More than 11 percent of school-age children in the United States have been diagnosed with Attention Deficit Hyperactivity Disorder, a rate markedly higher than a decade ago. Could air pollution be a cause?

A study, published in PLoS One this week and conducted by researchers at Columbia University's Center for Children's Environmental Health, of 233 non-smoking pregnant women in New York City found that children exposed to high levels of air pollution during pregnancy were five times more likely to have ADHD by age 9.

The researchers measured levels of a common pollutant called polycyclic aromatic hydrocarbons or PAHs in maternal and cord blood shortly after delivery and in the children's urine at age 3 or 5. The team followed the children until 9 years of age and administered two tests which are the standard for diagnosing ADHD. Of the 33 who had high levels of exposure as measured by maternal blood, 13 were diagnosed as having the ADHD hyperactive-implusive subtype, seven the inattentive subtype and 13 both.

PAHs are a group of chemicals that are used in making dyes, plastics, pesticides and even medicines and in modern life they are pretty much unavoidable. Practically everyone in an urban environment is exposed every day through the air we breathe and food we ingest. However, as the researchers noted, "urban, minority populations in the U.S. often have disproportionate exposure to air pollution and are at greater risk for adverse health and developmental outcomes from this exposure."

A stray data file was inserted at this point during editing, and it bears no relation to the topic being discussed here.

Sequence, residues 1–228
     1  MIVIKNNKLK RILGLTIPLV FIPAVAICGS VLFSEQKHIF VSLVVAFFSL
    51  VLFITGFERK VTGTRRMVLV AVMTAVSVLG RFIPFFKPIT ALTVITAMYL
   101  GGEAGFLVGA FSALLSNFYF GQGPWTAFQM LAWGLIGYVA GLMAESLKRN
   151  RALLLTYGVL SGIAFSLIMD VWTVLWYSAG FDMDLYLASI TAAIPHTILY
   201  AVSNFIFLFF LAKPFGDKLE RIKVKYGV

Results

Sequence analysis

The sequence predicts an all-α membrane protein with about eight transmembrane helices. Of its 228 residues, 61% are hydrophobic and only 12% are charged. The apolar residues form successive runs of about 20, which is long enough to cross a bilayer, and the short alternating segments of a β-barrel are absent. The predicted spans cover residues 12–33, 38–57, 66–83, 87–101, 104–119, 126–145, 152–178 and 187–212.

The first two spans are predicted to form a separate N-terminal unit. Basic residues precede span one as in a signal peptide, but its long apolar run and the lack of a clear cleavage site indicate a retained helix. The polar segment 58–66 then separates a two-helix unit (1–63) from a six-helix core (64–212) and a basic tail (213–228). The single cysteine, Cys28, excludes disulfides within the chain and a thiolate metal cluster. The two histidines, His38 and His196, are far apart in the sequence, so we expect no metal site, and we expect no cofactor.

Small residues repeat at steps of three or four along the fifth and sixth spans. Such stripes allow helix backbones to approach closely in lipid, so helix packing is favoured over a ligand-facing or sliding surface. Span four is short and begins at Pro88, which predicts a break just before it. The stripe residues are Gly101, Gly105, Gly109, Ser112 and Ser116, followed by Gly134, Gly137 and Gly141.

Scientists have previously linked high exposure to PAHs in the womb with a number of other childhood problems, including developmental delays, reduced IQ and symptoms of anxiety and depression. It has also been linked to cancer.

"During the fetal period and early childhood years, the brain is rapidly developing and vulnerable to neurotoxic insults that may manifest as adverse outcomes in childhood and adulthood," the researchers wrote.

The rise in ADHD diagnosis has been one of the most controversial issues in pediatric medicine. Some have said they worry about overdiagnosis and how it has led many parents to medicate children as young as 4 years of age.

If the Columbia study is confirmed, it could help solve the mystery of what causes ADHD -- whether it's more genetic or more environmental -- which could eventually lead to ways to prevent it.

"Fortunately," the authors noted, "it is possible to reduce airborne PAH concentrations using currently available pollution controls, greater energy efficiency, the use of alternative energy sources, and regulatory intervention to control polluting sources."